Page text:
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You’re running through another dimension–a dimension not only of sight and sound but of mind. A journey into a wondrous land whose boundaries are that of imagination.


Illustration by Jeremy Collins

Andrew Thompson was on his way to becoming only the seventh runner to complete the Barkley 100-miler in its two-decade history. “I had 20 miles to go and plenty of time,” recalls Thompson. “I was running well and feeling very good.”

What was not to feel good about? A Barkley finish is a life-defining achievement for even the most elite runner. The Barkley staggers through the rugged Tennessee wilderness, and features over 60,000 feet of climbing—twice that of Colorado’s heinous Hardrock 100. Bushwhacking is frequent, brambles slice flesh, river crossings are dangerous and staying on course demands expert navigational skills.

But Thompson, 28 at the time of the race, knew he had the gusto to finish. He’s a blood-and-guts runner, trained on the craggy trails of his home state of New Hampshire, and has run some of the toughest trail races in the country. In the summer of 2005, he set the speed record for the Appalachian Trail, covering the 2,174 miles in 47 days and some change. Thompson had total confidence in his body.

What Thompson didn’t count on was his mind turning adversary.

“I’d been running for 49 hours without sleep, when things became hazy,” he recalls. “Switchbacks became confusing. I felt I was just walking back and forth on a single stretch of trail without going anywhere. Soon, I couldn’t even tell whether I was ascending or descending a mountain, or just standing still. Houses started popping up along the trail in the brush. Then office buildings.”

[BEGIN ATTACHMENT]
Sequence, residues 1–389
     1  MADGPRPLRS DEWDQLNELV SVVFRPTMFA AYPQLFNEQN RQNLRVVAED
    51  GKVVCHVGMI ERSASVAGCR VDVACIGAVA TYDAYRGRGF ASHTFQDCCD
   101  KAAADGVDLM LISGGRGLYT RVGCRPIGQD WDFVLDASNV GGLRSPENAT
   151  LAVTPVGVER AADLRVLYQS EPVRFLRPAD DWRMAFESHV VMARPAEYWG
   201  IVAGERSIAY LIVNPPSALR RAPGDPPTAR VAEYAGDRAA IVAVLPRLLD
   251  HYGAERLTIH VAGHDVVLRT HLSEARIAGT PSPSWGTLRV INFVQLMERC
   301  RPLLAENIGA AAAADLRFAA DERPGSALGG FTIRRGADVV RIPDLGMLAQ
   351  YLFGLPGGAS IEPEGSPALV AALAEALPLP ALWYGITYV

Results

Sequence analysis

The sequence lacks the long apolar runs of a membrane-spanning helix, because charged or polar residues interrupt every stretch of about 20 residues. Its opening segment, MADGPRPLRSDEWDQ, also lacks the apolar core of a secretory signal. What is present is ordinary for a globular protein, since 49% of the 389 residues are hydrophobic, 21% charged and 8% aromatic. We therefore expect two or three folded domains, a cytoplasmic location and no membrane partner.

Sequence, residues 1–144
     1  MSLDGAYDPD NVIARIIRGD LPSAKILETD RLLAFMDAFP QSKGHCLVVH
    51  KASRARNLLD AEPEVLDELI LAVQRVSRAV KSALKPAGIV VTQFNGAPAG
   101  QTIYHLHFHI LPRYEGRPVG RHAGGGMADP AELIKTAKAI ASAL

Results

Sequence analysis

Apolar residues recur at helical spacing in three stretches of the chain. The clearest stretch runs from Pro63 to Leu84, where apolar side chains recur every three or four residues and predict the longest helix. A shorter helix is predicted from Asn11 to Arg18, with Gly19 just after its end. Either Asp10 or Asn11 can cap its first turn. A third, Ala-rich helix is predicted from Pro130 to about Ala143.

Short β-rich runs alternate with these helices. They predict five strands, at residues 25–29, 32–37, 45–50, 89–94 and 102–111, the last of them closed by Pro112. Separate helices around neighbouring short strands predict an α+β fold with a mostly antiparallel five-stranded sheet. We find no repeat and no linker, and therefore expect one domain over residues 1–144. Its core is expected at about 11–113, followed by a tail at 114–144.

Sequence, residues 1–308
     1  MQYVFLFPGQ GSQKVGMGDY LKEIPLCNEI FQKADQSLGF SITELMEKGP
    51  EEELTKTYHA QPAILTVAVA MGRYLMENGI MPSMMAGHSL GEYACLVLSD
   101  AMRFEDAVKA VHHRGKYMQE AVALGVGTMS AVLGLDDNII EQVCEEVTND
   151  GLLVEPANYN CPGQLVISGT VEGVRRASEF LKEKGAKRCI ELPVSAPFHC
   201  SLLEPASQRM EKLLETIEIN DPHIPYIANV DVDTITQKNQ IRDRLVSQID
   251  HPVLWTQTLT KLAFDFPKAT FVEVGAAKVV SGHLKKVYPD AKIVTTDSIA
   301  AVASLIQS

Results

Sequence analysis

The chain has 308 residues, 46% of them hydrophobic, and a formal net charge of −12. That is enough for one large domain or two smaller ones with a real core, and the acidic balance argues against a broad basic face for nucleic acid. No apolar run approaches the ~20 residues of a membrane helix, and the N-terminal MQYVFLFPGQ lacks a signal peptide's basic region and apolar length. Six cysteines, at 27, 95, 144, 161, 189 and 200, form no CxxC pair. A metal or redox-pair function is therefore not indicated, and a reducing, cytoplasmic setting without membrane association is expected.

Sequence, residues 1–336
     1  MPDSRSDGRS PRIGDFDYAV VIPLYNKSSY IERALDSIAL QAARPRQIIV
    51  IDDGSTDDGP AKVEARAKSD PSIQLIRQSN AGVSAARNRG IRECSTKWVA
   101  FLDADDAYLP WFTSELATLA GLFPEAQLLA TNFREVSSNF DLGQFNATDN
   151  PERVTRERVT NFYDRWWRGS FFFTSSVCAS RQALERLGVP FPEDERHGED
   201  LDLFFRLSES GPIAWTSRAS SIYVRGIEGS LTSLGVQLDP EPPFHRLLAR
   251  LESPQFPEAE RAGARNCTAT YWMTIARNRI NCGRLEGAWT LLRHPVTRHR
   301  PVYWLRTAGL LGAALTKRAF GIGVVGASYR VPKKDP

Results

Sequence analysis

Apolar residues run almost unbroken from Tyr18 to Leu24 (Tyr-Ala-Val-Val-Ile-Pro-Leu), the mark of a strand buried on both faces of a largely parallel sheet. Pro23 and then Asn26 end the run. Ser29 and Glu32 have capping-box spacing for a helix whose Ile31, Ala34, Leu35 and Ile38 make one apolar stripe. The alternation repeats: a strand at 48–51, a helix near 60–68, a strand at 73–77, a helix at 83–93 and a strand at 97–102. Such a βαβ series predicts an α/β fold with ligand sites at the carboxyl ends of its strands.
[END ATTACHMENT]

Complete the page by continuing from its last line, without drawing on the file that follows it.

Thompson knew of the Barkley’s reputation for generating outlandish hallucinations, and his mental disposition went from bad to worse. “Suddenly, an entire neighborhood of homes appeared. I had vivid images of people walking by, cars driving past. I was even able to identify the specific models of the cars. Then, things got weirder. I suddenly became a garbage man trying to identify which houses to visit for trash duty, and which to bypass. Then, I changed jobs—I was a landscaper, carrying lawn refuse from the house to a street. Next, I was an ice deliveryman. Does this house need ice, or are they all set?”

In his delirium, Thompson wandered off course, perhaps to deliver imaginary ice, and joined the ranks of other Barkley DNFers.

“I lost my mind in the full definition of the phrase,” he explains. “I worked so hard to get to that point, and then I pissed away the Barkley. I hate hallucinations!”


Thompson’s experience is not uncommon for runners who participate in extreme endurance events. Textbooks define hallucinations as sensory perceptions not related to outside events. They’re simply seeing or hearing things that aren’t there—your mind turning cartwheels, pulling a sleight-of-hand on your sense of logic and reality.

Hallucinations are typically associated with drug use, psychosis or neurological illness. So what causes them in long-distance running events? Dr. Jeffrey Lynn, an exercise physiologist from Slippery Rock University in Pennsylvania, studies running hallucinations as part of an ongoing study on the physiology of running 100-mile races. “Based on my experience, hallucinations in endurance running events are typically caused by the combination of sleep deprivation and exhaustion,” explains Lynn. “I think both factors are responsible.”

Lynn acknowledges that little is known about the relationship between endurance events and hallucinations, or their inherent dangers, but sees no reason to panic. “Right now I don’t know of anyone studying what’s happening when runners hallucinate,” he explains. “However, I doubt that hallucinations pose much of a danger. They’re usually innocuous and runners typically pull out of them quickly.”


Most trail runners experience hallucinations of the garden-variety type: rocks becoming raccoons, boulders turning into cars, grass clumps morphing into giant spiders. Some, however, transcend the common.